Voters' stark choice in a new mayor: The "Chicago Way" or a new day.
Will they pick Brandon Johnson who aims to ignore the shootings and killings in order to advance the greedy interests of the Chicago Teachers Union?
Or will they elect a new mayor by the name of Paul Vallas who’s got the smarts, expertise, leadership skills and character to make Chicago “The City that Works” once again?
The coming April run-off election between Vallas and Johnson will decide whether Chicago will sink further into a crisis of crime, fiscal insolvency, rotten education choice and old fashioned machine politics that has devastated the once-great city.
Vallas is a moderate Democrat, a proven administrator who was Mayor Richard M. Daley’s chief financial officer and an education expert who turned around school systems in Katrina hurricane-devastated New Orleans, Philadelphia and Bridgeport Connecticut—and Chicago.
Johnson is the candidate of the Chicago Teacher Union (CTU) and the Service Employees International Union (SEIU)—public employee unions that have cast Chicago into its presently deplorable state. Johnson is not a season administrator. Johnson is a CTU organizer who has no experience or a successful record of running a multi-billion-dollar government institution. If Johnson is elected mayor it will, in effect, enable the unions to negotiate their contracts with a union-bought mayor. In other words, they will be negotiating with themselves.
A vote for Johnson is a formula for fiscal disaster. And a rotten deal for Chicago students and their parents who want an opportunity to pick the best school. He once committed to “defund the police” by reducing the police force, replacing officers with social workers. Getting attacked in the street or suffering a mob breaking into your small store? Call the local therapist.
Here’s the problem. Johnson managed to make the runoff because of the mobilization of an army of campaign workers—many from the teachers union. They rang doorbells. Followed up to make sure allies made it to the polls. In other words, they used the tried and true method of Chicago machine politics in which campaign workers who owe their jobs to the Chicago Way work hard to keep their jobs. Thanks to those workers Johnson, whom no one ever heard of before, managed rise to beat seven other mayoral candidates.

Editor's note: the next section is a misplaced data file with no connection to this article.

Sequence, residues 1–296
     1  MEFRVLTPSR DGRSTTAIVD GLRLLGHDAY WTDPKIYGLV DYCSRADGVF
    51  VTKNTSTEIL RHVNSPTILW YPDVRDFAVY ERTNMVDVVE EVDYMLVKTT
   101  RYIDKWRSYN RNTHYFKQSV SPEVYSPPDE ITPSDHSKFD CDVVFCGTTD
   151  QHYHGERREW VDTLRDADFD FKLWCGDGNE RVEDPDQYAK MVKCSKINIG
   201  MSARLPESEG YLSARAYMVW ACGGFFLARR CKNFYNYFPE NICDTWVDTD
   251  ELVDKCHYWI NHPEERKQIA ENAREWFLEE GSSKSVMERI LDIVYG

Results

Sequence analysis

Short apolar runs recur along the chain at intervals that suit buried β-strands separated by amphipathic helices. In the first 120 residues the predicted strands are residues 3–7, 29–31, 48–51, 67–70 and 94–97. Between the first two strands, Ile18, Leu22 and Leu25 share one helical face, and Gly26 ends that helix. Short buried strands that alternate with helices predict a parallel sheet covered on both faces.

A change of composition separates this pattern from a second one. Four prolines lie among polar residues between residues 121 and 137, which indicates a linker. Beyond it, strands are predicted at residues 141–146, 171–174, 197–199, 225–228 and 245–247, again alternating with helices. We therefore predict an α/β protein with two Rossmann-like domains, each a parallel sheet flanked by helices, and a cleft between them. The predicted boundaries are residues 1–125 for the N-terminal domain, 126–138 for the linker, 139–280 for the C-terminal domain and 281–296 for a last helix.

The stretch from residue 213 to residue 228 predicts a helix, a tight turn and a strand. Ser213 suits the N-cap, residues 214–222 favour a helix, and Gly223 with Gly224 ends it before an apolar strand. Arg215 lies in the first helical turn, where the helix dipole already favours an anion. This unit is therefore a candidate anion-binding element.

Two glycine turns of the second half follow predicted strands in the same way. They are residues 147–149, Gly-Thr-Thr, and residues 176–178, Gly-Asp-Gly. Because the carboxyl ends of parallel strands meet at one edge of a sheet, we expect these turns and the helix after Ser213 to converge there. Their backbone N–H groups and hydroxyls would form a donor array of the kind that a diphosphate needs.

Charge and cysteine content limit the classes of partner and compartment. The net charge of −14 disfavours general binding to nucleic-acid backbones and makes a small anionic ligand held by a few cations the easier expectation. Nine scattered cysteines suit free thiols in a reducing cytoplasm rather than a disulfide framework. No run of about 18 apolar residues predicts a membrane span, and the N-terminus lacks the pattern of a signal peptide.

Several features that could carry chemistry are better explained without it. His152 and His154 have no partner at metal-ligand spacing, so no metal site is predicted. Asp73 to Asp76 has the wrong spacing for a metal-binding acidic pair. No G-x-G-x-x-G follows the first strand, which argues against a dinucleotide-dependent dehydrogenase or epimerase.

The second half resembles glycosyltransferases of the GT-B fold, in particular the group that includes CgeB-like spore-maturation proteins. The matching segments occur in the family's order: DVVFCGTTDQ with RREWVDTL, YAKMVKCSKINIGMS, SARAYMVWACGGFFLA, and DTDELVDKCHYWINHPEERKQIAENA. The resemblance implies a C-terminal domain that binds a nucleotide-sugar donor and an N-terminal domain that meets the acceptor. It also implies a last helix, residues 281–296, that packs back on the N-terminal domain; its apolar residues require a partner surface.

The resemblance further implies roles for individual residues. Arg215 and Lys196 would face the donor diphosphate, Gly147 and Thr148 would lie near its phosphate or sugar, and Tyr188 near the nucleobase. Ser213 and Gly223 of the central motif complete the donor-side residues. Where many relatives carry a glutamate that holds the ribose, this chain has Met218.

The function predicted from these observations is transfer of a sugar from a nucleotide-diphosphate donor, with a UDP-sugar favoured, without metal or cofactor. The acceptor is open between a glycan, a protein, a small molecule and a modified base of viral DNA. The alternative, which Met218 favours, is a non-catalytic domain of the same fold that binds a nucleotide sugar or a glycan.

He didn’t beat Vallas, however, who won a plurality, leaving Johnson and the rest of the field in the dust. It’s significant margin to overcome, so they’ll pull out all the stops. Meaning they’ll launch personal attacks. Watch the ads: They’ll play the race card, charge him of secretly being an ally of “extreme right wingers” and of Donald Trump’s MEGA supporters. Who knows what else they’ll accuse him of. Anti-Semitism so he’d lose the support in theavily Jewish communities, such as West Ridge and others where he expects to harvest votes?
Meanwhile, Vallas will be discussing issues. Call him a policy wonk if you will, but at least he has the courage to say what he’s going to do.
Vallas has the support of the Fraternal Order of Police, but the number of first responders who can be counted on to be campaign foot-soldiers is vastly smaller than the number of teachers and their pals. Whether Vallas can mobilize enough volunteers to overcome Johnson’s, is a critical question.
The choice for Chicago mayor has never been more stark. Years ago, Chicago municipal elections were partisan, until no Republican was crazy enough to challenge the Democratic Machine. Elections became technically “non-partisan” reflecting the reality of Democrat domination. So, mayoral and other races typically became a question of who could turn out the biggest volunteer army, get the support of the unions and special interests—such as the numerous contractors who engage in pinstripe patronage.
Not this time. Voters can vote for change or for continuing down a disastrous path. A nation is watching.
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